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ERIC Number: EJ942078
Record Type: Journal
Publication Date: 2011-Nov
Pages: 9
Abstractor: ERIC
Reference Count: 38
ISSN: ISSN-1053-4512
Decreasing Tardiness in Elementary School Students Using Teacher-Written Praise Notes
Caldarella, Paul; Christensen, Lynnette; Young, Kenneth Richard; Densley, Colleen
Intervention in School and Clinic, v47 n2 p104-112 Nov 2011
Principals and teachers consider student tardiness to be a serious problem. Some have argued that tardiness is a widespread problem with serious effects, particularly for younger students who must depend on their parents to get them to school on time. Students who are frequently tardy may miss important opening announcements or academic activities. Teachers can become frustrated as late students disrupt instruction, often requiring reteaching of what they have missed. Tardy behavior can also negatively affect the overall classroom environment. Teachers' use of praise is a specific positive reinforcement strategy that has been shown to be effective for addressing problem behaviors in elementary schools. Praise is essentially the use of verbal or written statements acknowledging a desired behavior. Praise has been recognized as perhaps the easiest modification teachers can make to address students' problem behaviors. Teachers' verbal praise can: (1) increase elementary school students' on-task behaviors; (2) decrease their problem behaviors; and (3) improve their academic performance. The appropriate use of praise is also an integral part of the successful implementation of schoolwide positive behavior support (SWPBS). Schools implementing SWPBS focus more on eliminating problem behaviors using positive strategies rather than punishment. However, the use of teacher-written praise to decrease student tardiness within the context of SWPBS has not been examined fully. This article describes a "praise-note" intervention that was designed and implemented in an elementary school to decrease student tardiness within the context of SWPBS. The intervention appeared to improve the students' on-time behavior. Results suggested a functional relationship, with an average of just one praise note per week significantly improving students' tardiness. The article concludes with some suggestions for implementation. (Contains 4 figures.)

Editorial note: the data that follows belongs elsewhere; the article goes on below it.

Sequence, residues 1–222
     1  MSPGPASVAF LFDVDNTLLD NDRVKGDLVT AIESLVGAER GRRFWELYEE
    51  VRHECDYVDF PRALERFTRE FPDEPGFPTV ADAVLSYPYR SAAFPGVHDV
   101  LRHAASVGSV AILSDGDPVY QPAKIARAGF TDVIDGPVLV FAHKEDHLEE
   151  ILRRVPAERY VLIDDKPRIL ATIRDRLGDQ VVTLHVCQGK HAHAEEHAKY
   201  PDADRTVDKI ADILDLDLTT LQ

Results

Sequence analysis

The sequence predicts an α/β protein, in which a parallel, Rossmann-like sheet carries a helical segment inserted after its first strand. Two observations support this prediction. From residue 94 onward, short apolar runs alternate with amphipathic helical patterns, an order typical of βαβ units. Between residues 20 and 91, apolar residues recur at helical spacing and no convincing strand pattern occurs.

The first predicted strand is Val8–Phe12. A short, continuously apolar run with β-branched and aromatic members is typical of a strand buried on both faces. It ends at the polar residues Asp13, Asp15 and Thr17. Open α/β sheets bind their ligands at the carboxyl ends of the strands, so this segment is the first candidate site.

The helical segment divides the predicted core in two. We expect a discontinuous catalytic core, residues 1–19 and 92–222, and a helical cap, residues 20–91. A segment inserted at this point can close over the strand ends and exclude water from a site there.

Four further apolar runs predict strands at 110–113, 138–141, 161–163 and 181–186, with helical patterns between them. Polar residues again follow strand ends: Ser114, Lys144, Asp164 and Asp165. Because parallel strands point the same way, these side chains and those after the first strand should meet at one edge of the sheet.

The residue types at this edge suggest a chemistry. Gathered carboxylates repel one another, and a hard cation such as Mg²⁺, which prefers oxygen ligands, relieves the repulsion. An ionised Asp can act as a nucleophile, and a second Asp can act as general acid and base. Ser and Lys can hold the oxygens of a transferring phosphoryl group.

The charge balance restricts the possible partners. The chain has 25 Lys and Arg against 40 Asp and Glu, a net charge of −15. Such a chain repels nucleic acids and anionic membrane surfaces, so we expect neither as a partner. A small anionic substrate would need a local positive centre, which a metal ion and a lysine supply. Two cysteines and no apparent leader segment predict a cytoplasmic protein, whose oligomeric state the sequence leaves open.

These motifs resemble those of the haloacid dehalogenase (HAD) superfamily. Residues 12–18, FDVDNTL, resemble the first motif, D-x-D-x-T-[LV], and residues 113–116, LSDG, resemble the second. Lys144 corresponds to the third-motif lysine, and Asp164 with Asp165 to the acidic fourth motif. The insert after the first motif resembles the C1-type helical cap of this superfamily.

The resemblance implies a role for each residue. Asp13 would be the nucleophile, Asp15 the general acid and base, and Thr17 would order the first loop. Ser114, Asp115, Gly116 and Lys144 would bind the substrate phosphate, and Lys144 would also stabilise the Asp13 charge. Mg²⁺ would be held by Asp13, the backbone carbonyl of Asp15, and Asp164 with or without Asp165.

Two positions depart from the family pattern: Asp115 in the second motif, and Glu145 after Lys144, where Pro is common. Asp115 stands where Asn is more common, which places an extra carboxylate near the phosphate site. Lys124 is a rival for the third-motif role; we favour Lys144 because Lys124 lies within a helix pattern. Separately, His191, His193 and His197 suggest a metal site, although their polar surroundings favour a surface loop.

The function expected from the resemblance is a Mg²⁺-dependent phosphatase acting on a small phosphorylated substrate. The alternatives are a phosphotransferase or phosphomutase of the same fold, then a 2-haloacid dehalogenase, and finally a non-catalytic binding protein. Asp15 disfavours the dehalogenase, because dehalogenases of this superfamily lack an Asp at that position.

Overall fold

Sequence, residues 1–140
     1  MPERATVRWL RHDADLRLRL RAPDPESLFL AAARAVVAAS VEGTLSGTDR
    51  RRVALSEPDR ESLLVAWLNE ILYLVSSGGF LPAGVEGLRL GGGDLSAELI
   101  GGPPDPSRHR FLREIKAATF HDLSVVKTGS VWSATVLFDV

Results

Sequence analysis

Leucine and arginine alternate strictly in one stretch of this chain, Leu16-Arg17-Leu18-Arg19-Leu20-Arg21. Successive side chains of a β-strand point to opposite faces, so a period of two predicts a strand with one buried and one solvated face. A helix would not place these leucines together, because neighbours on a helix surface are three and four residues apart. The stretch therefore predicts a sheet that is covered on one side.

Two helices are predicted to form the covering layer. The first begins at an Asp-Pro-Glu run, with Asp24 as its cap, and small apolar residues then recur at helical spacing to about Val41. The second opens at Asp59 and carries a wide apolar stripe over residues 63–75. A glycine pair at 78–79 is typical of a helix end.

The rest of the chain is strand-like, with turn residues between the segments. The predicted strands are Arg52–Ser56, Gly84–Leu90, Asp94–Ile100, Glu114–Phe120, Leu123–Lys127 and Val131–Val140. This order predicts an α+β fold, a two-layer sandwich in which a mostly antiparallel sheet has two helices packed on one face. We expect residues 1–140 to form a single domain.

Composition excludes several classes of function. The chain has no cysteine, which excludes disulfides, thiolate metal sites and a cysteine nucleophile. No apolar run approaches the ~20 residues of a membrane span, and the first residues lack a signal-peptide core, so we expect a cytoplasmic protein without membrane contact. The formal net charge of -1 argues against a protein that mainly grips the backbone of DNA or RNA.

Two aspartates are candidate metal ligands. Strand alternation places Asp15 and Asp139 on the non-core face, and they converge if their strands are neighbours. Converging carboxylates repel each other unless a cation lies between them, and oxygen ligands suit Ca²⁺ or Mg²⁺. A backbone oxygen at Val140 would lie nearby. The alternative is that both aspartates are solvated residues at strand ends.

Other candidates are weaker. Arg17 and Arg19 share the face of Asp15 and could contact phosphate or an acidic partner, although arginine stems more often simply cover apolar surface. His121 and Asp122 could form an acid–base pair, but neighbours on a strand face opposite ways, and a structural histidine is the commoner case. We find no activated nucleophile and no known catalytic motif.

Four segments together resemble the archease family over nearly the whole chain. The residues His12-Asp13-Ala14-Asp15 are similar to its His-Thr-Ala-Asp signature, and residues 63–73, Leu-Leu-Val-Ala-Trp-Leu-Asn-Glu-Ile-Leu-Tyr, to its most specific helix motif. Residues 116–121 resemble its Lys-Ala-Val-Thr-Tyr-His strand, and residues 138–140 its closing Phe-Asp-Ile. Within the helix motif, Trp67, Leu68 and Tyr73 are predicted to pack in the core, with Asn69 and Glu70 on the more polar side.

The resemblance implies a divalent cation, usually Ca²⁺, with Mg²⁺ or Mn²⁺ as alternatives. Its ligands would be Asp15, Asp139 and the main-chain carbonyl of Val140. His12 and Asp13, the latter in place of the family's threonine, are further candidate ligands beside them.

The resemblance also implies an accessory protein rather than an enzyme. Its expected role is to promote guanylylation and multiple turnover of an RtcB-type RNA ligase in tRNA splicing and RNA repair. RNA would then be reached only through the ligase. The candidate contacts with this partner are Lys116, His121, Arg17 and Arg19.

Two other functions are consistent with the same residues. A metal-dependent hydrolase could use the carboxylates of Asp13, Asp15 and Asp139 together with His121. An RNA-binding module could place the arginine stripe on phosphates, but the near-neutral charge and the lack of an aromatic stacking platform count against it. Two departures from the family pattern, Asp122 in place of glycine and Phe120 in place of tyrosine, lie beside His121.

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Publication Type: Journal Articles; Reports - Descriptive
Education Level: Elementary Education
Audience: Teachers
Language: English
Sponsor: N/A
Authoring Institution: N/A